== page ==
The surrogate twins of a homosexual British couple have been granted indefinite leave to stay in the UK by the Home Secretary. Last month, the twins had been denied automatic entry to the country by Heathrow Airport immigration officials when their two fathers tried to bring them in from America, where they had been born to a surrogate mother. Their passports were confiscated and only temporary residency was granted.
A Home Office spokesman said that Jack Straw had 'taken the decision outside normal immigration law, which did not allow for the unique circumstances of this case'. The 'exceptional circumstances' and the 'welfare of the children' had to be considered as a priority.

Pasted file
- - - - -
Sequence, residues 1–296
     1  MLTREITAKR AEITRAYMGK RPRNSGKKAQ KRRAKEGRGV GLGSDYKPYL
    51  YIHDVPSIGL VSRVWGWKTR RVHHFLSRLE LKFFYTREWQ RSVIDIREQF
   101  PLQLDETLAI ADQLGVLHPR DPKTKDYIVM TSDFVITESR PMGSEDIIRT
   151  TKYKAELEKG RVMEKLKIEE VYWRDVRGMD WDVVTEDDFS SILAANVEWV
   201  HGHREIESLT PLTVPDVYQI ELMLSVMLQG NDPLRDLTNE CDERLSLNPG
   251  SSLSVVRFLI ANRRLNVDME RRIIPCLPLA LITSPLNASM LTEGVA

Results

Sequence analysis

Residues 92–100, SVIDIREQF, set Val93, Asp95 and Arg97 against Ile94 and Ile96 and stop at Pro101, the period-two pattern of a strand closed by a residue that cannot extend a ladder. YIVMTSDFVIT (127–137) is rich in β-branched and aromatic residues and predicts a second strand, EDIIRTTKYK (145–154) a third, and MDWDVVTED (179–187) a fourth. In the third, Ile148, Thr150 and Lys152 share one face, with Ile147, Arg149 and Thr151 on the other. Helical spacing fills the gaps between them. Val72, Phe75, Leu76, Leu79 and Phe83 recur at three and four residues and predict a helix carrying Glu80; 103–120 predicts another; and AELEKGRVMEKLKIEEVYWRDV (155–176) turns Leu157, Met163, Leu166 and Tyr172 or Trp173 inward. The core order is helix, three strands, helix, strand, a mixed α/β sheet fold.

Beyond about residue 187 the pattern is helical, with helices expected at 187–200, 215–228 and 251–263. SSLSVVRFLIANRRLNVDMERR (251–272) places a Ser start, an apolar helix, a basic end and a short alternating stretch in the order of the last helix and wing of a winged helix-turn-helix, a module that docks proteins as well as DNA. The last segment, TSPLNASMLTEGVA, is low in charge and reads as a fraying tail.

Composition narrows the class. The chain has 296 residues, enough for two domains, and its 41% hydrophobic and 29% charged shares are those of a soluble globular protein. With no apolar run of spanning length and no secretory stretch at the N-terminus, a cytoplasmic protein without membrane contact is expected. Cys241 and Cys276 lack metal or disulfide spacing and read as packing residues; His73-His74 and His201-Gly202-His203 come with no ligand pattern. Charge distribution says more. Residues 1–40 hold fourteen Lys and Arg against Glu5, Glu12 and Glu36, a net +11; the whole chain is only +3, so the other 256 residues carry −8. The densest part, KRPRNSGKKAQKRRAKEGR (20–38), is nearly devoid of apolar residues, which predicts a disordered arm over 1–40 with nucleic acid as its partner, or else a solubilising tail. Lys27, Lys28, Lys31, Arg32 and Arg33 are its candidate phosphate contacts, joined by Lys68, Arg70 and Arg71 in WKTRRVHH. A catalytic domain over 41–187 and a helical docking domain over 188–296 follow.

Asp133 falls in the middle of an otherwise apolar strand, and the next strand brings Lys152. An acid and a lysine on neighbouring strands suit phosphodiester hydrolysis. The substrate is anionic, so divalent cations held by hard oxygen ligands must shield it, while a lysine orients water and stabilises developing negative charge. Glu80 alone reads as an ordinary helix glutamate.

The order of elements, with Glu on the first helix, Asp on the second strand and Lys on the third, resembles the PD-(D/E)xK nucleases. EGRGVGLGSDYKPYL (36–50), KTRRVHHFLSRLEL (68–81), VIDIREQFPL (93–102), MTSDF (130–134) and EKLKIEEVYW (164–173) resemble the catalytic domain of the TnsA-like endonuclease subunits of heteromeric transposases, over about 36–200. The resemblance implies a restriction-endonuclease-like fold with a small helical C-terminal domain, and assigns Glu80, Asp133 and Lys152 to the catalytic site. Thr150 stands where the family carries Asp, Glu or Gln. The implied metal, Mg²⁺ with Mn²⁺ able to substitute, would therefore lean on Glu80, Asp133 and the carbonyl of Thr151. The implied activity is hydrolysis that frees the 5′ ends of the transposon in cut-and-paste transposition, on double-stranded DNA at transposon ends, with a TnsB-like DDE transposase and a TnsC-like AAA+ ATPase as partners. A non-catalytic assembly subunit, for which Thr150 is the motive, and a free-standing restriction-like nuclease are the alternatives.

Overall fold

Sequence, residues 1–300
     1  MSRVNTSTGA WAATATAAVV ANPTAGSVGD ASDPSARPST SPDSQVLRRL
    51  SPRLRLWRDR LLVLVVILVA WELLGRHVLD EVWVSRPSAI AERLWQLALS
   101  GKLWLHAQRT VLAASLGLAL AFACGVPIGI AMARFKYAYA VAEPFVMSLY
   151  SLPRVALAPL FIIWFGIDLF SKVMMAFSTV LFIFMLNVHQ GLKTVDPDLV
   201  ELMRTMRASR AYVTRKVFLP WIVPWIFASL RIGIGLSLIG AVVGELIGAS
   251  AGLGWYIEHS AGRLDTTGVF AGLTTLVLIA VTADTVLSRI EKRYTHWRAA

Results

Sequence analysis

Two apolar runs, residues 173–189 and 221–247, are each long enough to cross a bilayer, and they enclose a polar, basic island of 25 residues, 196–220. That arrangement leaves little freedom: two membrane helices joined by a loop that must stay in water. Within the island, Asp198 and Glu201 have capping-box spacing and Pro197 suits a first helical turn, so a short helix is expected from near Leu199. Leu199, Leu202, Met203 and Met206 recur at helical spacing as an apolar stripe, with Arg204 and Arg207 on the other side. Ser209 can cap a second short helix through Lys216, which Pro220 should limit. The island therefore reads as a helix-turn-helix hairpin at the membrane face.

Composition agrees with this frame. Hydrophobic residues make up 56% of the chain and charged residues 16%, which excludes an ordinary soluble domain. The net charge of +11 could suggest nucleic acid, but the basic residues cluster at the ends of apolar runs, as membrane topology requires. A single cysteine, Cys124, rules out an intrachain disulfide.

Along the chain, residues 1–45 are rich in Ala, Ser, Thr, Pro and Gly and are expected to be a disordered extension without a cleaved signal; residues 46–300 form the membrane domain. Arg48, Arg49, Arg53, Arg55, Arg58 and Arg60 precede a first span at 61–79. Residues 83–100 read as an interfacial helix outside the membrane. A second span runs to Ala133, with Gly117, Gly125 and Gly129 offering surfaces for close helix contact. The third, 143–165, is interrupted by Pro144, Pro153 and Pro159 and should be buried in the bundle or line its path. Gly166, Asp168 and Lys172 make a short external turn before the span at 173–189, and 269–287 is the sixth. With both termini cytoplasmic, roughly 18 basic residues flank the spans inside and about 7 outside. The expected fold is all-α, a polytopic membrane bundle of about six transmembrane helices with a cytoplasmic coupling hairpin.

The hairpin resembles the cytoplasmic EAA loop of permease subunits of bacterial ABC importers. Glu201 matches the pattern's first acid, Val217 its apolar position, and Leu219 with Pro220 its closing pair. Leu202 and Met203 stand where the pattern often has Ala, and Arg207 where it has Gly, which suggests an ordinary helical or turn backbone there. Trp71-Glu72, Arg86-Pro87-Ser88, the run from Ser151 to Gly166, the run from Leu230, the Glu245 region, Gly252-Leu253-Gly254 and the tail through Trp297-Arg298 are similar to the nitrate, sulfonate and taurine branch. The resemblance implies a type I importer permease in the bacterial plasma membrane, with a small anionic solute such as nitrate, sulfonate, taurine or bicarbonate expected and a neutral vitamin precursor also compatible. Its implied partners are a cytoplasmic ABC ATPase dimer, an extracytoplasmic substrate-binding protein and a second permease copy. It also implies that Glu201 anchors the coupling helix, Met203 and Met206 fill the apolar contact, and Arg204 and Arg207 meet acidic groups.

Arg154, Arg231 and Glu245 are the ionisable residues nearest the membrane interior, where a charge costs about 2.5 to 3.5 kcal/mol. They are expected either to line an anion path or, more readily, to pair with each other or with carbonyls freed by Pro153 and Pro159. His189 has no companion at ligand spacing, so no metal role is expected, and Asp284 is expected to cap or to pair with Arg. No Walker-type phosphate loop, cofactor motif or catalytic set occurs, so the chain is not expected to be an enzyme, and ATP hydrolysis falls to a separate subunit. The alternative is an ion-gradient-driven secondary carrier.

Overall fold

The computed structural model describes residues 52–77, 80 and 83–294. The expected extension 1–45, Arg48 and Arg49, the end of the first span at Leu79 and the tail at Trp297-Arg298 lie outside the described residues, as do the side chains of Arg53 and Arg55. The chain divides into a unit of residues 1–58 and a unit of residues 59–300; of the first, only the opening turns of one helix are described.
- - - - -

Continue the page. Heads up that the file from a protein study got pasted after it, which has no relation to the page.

The case created legal history in America last year when a Supreme Court judge allowed both men to be registered as the parents of the child. Under British law, the surrogate mother and her husband are the legally recognised parents of the twins, even though one of the men is the biological father of the children. The decision of the Home Secretary has not set a precedent in this country - each immigration case will still be examined on its own merits. Although the Home Secretary has the discretion to do so, the twins have not been granted British citizenship.